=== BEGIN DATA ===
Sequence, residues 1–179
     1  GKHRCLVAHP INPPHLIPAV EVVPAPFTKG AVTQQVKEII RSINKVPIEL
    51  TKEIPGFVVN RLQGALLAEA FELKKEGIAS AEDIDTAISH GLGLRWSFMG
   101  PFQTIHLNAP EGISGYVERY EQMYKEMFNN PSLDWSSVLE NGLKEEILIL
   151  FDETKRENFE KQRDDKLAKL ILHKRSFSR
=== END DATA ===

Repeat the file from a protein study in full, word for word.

Sequence, residues 1–179
     1  GKHRCLVAHP INPPHLIPAV EVVPAPFTKG AVTQQVKEII RSINKVPIEL
    51  TKEIPGFVVN RLQGALLAEA FELKKEGIAS AEDIDTAISH GLGLRWSFMG
   101  PFQTIHLNAP EGISGYVERY EQMYKEMFNN PSLDWSSVLE NGLKEEILIL
   151  FDETKRENFE KQRDDKLAKL ILHKRSFSR